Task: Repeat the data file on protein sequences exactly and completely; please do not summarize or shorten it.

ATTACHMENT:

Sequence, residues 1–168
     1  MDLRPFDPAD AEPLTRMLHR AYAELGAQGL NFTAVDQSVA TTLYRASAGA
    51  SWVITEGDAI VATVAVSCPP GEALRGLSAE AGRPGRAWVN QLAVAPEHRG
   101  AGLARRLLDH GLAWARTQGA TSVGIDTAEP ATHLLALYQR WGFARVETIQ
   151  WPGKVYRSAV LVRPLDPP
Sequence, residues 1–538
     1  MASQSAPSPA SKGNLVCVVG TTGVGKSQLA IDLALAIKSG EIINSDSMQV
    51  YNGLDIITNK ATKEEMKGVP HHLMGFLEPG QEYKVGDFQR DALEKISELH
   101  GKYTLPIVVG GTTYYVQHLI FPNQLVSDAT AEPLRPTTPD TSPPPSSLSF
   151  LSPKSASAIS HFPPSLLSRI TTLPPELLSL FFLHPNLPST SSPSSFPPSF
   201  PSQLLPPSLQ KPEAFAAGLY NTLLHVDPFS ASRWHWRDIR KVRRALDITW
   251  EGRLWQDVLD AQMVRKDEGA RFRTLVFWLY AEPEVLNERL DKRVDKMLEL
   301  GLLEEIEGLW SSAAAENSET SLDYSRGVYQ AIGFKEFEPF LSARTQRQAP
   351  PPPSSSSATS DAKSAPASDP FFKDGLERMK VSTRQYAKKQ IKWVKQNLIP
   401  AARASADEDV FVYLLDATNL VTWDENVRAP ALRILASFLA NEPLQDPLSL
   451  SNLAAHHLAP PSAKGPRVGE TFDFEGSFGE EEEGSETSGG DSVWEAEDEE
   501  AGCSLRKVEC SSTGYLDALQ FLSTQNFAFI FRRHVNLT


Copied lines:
Sequence, residues 1–168
     1  MDLRPFDPAD AEPLTRMLHR AYAELGAQGL NFTAVDQSVA TTLYRASAGA
    51  SWVITEGDAI VATVAVSCPP GEALRGLSAE AGRPGRAWVN QLAVAPEHRG
   101  AGLARRLLDH GLAWARTQGA TSVGIDTAEP ATHLLALYQR WGFARVETIQ
   151  WPGKVYRSAV LVRPLDPP
Sequence, residues 1–538
     1  MASQSAPSPA SKGNLVCVVG TTGVGKSQLA IDLALAIKSG EIINSDSMQV
    51  YNGLDIITNK ATKEEMKGVP HHLMGFLEPG QEYKVGDFQR DALEKISELH
   101  GKYTLPIVVG GTTYYVQHLI FPNQLVSDAT AEPLRPTTPD TSPPPSSLSF
   151  LSPKSASAIS HFPPSLLSRI TTLPPELLSL FFLHPNLPST SSPSSFPPSF
   201  PSQLLPPSLQ KPEAFAAGLY NTLLHVDPFS ASRWHWRDIR KVRRALDITW
   251  EGRLWQDVLD AQMVRKDEGA RFRTLVFWLY AEPEVLNERL DKRVDKMLEL
   301  GLLEEIEGLW SSAAAENSET SLDYSRGVYQ AIGFKEFEPF LSARTQRQAP
   351  PPPSSSSATS DAKSAPASDP FFKDGLERMK VSTRQYAKKQ IKWVKQNLIP
   401  AARASADEDV FVYLLDATNL VTWDENVRAP ALRILASFLA NEPLQDPLSL
   451  SNLAAHHLAP PSAKGPRVGE TFDFEGSFGE EEEGSETSGG DSVWEAEDEE
   501  AGCSLRKVEC SSTGYLDALQ FLSTQNFAFI FRRHVNLT